I can remember playing in the team for junior football. My coaches and teachers all were aware of my honesty. The act of lying did not come easily. At the end of one evening of the session, the head coach, as well as the trainer, realized that they had not forced us to do laps during the day. The other players shouted and chanted about how the coach actually performed and that it was wrong to force us to do it again. He was arguing with them for a while, but they remained persistent. It was then that he started to question his memory. He walked towards me, and asked “Ahmed, did we run laps today? Yes or no?” I was sure of the truth, and I knew that the group was lying. I wasn’t going to be running laps as fast as the other guy; however, how could I stare this guy in the face when the man asked me an open question and told me to be lying to him? It was in the realm of possibility. I was looking at him in the eye and said, “no, we haven’t.” The response was an uproar. My teammate Bobby was just an inch from my face and shouted, “Can’t you lie for once in your life?!” I didn’t get acclaim very much afterwards.

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This mindset remained in my adulthood. In truth, I’d rather stay away from any person completely than be a lie to them.

My honesty was also proven to be a problem in the business world. I was often criticised for being direct to clients, and providing more information than is required and not making clients feel more pressured than they had to or pay for it more. I informed my bosses that they were inefficient or overly redundant and also made sure to point out any mistakes I could find. My criticisms didn’t come from an attitude of arrogance or pride, but I was unsure what to do with myself. I expressed it the way I thought it was.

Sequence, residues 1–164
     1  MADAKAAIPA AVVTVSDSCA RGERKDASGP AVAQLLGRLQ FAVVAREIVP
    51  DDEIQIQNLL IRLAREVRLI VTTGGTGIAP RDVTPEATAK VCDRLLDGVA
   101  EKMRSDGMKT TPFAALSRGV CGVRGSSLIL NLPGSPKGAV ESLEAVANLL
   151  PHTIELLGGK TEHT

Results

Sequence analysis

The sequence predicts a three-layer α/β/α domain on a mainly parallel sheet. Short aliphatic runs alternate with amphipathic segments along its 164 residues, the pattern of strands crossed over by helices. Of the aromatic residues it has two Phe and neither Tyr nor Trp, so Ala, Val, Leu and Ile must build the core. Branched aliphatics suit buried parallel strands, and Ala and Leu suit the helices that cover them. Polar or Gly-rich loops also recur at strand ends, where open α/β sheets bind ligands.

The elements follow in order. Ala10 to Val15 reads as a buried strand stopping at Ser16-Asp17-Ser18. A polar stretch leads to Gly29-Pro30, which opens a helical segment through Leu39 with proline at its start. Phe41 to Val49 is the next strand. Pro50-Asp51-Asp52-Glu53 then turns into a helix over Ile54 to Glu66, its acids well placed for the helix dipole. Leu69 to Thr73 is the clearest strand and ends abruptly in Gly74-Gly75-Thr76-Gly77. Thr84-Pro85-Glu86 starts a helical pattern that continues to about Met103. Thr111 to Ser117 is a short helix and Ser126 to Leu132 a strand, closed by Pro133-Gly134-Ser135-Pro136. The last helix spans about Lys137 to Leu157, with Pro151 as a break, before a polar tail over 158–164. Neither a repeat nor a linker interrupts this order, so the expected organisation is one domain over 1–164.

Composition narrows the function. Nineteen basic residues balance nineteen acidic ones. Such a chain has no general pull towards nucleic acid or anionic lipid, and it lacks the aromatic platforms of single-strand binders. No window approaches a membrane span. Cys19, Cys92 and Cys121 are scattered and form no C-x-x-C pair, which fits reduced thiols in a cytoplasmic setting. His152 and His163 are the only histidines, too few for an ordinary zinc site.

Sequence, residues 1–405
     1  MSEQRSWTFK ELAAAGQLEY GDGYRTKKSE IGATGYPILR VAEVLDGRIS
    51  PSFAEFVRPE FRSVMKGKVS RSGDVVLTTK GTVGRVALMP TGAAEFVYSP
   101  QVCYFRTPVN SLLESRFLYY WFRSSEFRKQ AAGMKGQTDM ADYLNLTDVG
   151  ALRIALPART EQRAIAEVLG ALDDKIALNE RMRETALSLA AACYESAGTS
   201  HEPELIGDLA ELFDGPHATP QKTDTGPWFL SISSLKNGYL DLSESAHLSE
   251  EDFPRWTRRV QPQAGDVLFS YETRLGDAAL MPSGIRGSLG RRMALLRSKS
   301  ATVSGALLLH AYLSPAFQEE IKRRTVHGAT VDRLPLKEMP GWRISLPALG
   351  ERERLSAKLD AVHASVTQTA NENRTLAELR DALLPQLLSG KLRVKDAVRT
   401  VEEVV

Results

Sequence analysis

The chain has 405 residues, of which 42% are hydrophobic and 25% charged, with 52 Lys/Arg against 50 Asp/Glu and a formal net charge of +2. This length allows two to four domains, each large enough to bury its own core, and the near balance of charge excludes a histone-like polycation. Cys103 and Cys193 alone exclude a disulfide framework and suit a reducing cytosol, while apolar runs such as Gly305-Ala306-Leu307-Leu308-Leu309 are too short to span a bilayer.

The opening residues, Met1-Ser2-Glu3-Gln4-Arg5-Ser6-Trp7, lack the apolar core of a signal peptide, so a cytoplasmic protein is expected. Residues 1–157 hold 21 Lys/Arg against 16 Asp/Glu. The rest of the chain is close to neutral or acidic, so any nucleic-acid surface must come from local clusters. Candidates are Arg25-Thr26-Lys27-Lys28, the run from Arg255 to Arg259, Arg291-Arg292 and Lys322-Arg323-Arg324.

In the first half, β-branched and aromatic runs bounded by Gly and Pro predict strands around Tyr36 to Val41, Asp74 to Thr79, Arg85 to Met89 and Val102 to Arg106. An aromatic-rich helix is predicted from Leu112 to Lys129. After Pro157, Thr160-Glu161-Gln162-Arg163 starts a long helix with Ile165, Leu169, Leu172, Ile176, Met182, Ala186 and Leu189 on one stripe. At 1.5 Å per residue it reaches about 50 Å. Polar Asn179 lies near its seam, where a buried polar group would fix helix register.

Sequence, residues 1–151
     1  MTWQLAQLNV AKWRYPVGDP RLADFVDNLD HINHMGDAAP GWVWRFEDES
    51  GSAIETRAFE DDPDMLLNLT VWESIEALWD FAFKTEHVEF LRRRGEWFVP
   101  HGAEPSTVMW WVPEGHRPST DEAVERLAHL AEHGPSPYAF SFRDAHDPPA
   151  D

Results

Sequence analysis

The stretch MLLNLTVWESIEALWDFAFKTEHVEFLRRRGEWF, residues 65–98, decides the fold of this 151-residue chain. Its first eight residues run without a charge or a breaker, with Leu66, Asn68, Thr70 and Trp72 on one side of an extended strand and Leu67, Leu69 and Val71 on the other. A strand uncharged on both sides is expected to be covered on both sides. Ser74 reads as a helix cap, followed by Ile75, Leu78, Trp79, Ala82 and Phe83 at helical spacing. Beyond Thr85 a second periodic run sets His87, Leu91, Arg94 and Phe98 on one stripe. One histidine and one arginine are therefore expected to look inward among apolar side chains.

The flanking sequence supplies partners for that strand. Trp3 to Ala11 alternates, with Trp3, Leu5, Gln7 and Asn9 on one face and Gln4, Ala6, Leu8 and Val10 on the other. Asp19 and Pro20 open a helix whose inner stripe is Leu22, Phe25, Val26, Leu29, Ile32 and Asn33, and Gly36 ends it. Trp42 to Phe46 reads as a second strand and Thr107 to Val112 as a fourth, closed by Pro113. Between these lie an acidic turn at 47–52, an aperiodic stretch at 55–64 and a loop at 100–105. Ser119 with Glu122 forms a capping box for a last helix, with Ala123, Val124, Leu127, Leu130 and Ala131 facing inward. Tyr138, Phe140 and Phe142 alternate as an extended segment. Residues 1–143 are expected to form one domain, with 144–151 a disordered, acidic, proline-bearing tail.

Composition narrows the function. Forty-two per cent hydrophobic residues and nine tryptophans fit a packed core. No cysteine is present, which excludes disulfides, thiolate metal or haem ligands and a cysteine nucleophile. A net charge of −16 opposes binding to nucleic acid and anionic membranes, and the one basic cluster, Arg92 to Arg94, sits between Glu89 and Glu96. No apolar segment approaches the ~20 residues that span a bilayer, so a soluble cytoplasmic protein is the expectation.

Because I was always kind to everyone, made friendly gestures or baked goods at work, inquired about loved ones of people and put in the effort and was not a thorn in the side, I was not viewed as un. But, it was easy to realize that talking about my thoughts was not well-liked. I slowed down and resigned myself to sitting in my stunning 8×6 cubicle, gazing at my yellow walls, and staying my thoughts to myself for as long as feasible. Being an extrovert, this really took its strain on me, and I soon began to feel resentful of my job.

(3.) Stagnation Bores Me:

The best thing about life is its capacity to discover, learn and develop. If contribution and progress are the main ingredients to happiness, and that’s my personal belief so, then an 8-5 (actually seven to six) job that is sat in an office doing the same routine every day in and out is the leading cause of depression.

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When I was a teenager, I was always eager to leave the company if I realized that the situation was becoming stagnant. The feeling of being bored was the most unpleasant scenario for me, and I would usually interpret the feeling of being bored as a lack of fulfilment. It was a vast world filled with excitement and possibilities that I could not allow myself to not experience. I was misunderstood, terribly assessed and often told that I was never going to contribute to anything. What’s the problem? When we were children, we were taught that we need to try various things and discover new areas of interest in the hope of discovering our passions and discover new things, but once we reach adulthood, we are expected to accept the routine and are encouraged to be average to maintain stability?

In my university studies, my life became mundane and dull, yet I believed that I was working towards something. It was my conviction that things would improve however this was not the case. The business world has shown me that I’m not meant to spend my life and my youth in an enclosure with people I don’t like doing things that I don’t like. I’d prefer to be free and poor with my family rather than be rich in the confines of a cage. When I’m at liberty, I can dedicate my time and effort to the growth I see as necessary. It’s a good thing I won’t be depressed and unattractive. At the very least, my family members would be aware of me.

In the end, one thing was for sure, and I preferred to be independent and risk failure rather than be a corporation slave with no job security.